Bugs, bugs, bugs.

Oh, dear heavens, our seven-year-old got lice.

I really don’t need to say much more than that, for most of us had those insidious creatures as children or have parented small people growing those insidious creatures.

But holy guacamole it’s a lot of work. Our resolve to treat most illness and body issues naturally is seriously testing my rejection of all things insecticidal and toxic.

[UPDATE: See link at the end of the post for a three-week combing plan that requires no spraying, washing, nighttime masks, etc. I didn’t use it in the beginning, but have adopted it now.]

I knew as soon as I saw him scratching that I wouldn’t use neurotoxic insecticides that are illegal for use on farm animals and pets but legal for use on children. (Seriously, FDA? What is this, the billionth time you’ve made the wrong choice at the hands of major chemical companies?)

I also knew that choosing to eradicate bugs without toxic chemicals was going to make life way more challenging. But I had no idea just how challenging. I searched the Internet for nontoxic lice treatments to kill lice without poisons and came up with a regimen of head- and house-delousing that has, incidentally, almost killed me.

Why?

Day One:

  1. Shampoo and condition infected child with our regular, non-toxic products plus tea tree oil. Rinse with apple cider vinegar. Wash towel on hot. Estimated time: fifteen minutes.
  2. Strip all bedding from all beds, all clothes from drawers, all hats from rack, all costumes from basket. Put rugs outside. Sequester all washables in garage. Bag and seal all unwashable items (helmets, stuffed animals, etc.) Begin endless hot-water-and-tea-tree washing and drying on high. Estimated time: forty minutes.
  3. Take long-haired louse-festival and his brother to three stores to get supplies for two weeks of anti-lice tirades. Estimate time: one hour
  4. Spray both children with diluted tea tree oil. Comb each kid with his own with stainless steel nit comb. Boil nit combs. Time: two hours.
  5. Iron bunk bed mattresses. (Yes, with a clothes iron.) Put clean sheets on bunk beds. Estimated time: twenty-five minutes.
  6. Spray car seats with tea tree oil. Estimated time: five minutes
  7. Coat everyone’s heads with coconut oil (mixed with a dash of tea tree oil). Add shower caps. Estimated time: five minutes.
  8. Have Spouse nit comb my hair. Estimated time: forever.
  9. Continue laundry barrage. Estimated time: eternity.
  10. Sleep in coconut oil and shower cap. Estimated time: not long enough.

Day Two:

  1. Wake and comb coconut treatment out of both kids with nit comb. Ninety minutes
  2. Strip beds, throw all pillows, sheets, comforters into dryer in thirty-minute phases. Fifteen minutes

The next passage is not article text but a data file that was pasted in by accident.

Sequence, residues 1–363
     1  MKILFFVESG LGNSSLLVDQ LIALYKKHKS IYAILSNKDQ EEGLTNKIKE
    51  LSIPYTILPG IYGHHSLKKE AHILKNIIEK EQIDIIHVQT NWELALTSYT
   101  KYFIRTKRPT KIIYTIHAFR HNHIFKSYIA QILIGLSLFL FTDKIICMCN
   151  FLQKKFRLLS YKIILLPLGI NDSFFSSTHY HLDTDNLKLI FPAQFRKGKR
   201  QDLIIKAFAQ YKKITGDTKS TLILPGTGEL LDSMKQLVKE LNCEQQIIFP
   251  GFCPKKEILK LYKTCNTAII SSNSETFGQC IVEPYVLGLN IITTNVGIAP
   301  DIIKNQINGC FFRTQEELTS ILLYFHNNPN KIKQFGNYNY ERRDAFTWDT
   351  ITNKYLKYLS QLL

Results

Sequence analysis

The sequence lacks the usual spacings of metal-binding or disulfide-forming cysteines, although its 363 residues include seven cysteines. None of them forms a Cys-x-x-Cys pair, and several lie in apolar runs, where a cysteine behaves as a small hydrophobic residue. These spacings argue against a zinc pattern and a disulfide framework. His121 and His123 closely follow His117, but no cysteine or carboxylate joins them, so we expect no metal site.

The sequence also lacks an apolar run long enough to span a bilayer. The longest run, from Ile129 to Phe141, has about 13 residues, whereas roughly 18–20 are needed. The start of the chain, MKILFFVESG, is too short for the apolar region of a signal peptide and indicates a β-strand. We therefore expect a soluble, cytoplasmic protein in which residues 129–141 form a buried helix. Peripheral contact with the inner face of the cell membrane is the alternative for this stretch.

3. Bathe kids. Wash hair, rinse with vinegar. Let dry, spray with diluted tea tree oil. Thirty minutes
  4. Take them to beach. Time? Who cares? It was lovely.
  5. Remake beds. Fifteen minutes.
  6. Give baths. Thirty minutes.
  7. Comb with nit comb. One hour. (Look at me, getting faster. Or careless.)
  8. Make beds. Fifteen minutes.
  9. Strip car seats, wash and dry covers. Twenty minutes.
  10. Regret bunk beds, hair, resistance to chemicals. All day.
  11. Apply coconut and shower caps. Five minutes.
  12. Reassemble and attach car seats. Thirty minutes.
  13. Have Spouse nit comb my hair: One hour.

Day Three:

Wash, dry. Strip beds. Wash, dry laundry. Comb kids. Wash, condition, rinse, dry kids. Make beds.

I’m going insane.

And I itch all over. I’m convinced I have lice, ticks, fleas, mosquitoes, and chiggers. All right now on my head.

Despite evidence that I don’t.

Day one eldest was crawling with bugs. Combed out maybe 50 disgusting little buggers. Youngest had none. I had none. Morning after coconut treatment eldest had at least a dozen dead bugs. Youngest had one tiny dead bug. Me, too. Morning after second coconut treatment eldest had no live bugs, two tiny dead bugs. Youngest had no live bugs, no dead bugs.

Tonight, after 48 hours and complete freaking adrenaline overload. I can’t find any eggs or lice on either kid. But eggs are microscopic and we have two more weeks, at least, of combing before we can be sure whatever hatches doesn’t grow big enough to lay its own eggs and start the whole insane cycle again.

So I’m psychosomatically itchy. And tired. And firmly resolved to keep up this incessant pace of laundry, combing, and coconutting.

The pediatrician says all we really need is the combing. And patience. Three weeks.
A friend says we could help ourselves by having the kids sleep in sleeping bags on the floor for ease of morning laundry.
The Internet says we have to keep doing all this for three weeks. Unfortunately, the Internet also says to buy lots of products, toxic and non-toxic. But nothing kills the eggs, and hatched critters can’t lay eggs if they’re combed out.

 

So.

What’s a little twelve-step day that takes six hours total? I have a spare six hours every day, right?

Wrong.

But. There are upsides.

  1. My kids are now sitting still (in front of the television, but I think anyone on the planet with excuse me that one) for an hour each day.
  2. We’re cleaning out the freezer of all the emergency, just-in-case frozen meals. Because there’s no way I’m cooking, too.
  3. The bugs seem to be gone for now. Or at least they’re on their way out. I have bested them with my will. And will continue to do so.
  4. I’ve finally needed the numbered-list formatting on my five-year-old blog.

So I guess there are silver linings to every creepy, crawly, disgusting parasite.

Right?

[UPDATE link http://www.microscopy-uk.org.uk/theliceprogram/index.html%5D

Advertisements